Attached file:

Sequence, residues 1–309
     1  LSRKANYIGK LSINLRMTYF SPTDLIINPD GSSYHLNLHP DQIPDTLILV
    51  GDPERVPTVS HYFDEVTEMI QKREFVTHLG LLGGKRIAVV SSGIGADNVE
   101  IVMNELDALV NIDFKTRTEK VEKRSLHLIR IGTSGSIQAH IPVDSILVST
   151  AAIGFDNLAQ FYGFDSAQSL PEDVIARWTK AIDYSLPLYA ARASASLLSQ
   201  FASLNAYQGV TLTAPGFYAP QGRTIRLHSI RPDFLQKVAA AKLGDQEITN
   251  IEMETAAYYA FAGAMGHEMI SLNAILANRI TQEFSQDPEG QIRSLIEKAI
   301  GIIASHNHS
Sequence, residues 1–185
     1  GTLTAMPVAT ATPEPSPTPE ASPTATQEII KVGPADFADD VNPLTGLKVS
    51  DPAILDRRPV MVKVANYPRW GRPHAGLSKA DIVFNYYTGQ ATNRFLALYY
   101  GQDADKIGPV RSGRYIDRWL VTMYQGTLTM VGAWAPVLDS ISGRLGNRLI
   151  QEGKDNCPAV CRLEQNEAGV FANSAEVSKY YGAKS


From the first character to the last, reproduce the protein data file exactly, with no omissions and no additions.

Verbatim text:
Sequence, residues 1–309
     1  LSRKANYIGK LSINLRMTYF SPTDLIINPD GSSYHLNLHP DQIPDTLILV
    51  GDPERVPTVS HYFDEVTEMI QKREFVTHLG LLGGKRIAVV SSGIGADNVE
   101  IVMNELDALV NIDFKTRTEK VEKRSLHLIR IGTSGSIQAH IPVDSILVST
   151  AAIGFDNLAQ FYGFDSAQSL PEDVIARWTK AIDYSLPLYA ARASASLLSQ
   201  FASLNAYQGV TLTAPGFYAP QGRTIRLHSI RPDFLQKVAA AKLGDQEITN
   251  IEMETAAYYA FAGAMGHEMI SLNAILANRI TQEFSQDPEG QIRSLIEKAI
   301  GIIASHNHS
Sequence, residues 1–185
     1  GTLTAMPVAT ATPEPSPTPE ASPTATQEII KVGPADFADD VNPLTGLKVS
    51  DPAILDRRPV MVKVANYPRW GRPHAGLSKA DIVFNYYTGQ ATNRFLALYY
   101  GQDADKIGPV RSGRYIDRWL VTMYQGTLTM VGAWAPVLDS ISGRLGNRLI
   151  QEGKDNCPAV CRLEQNEAGV FANSAEVSKY YGAKS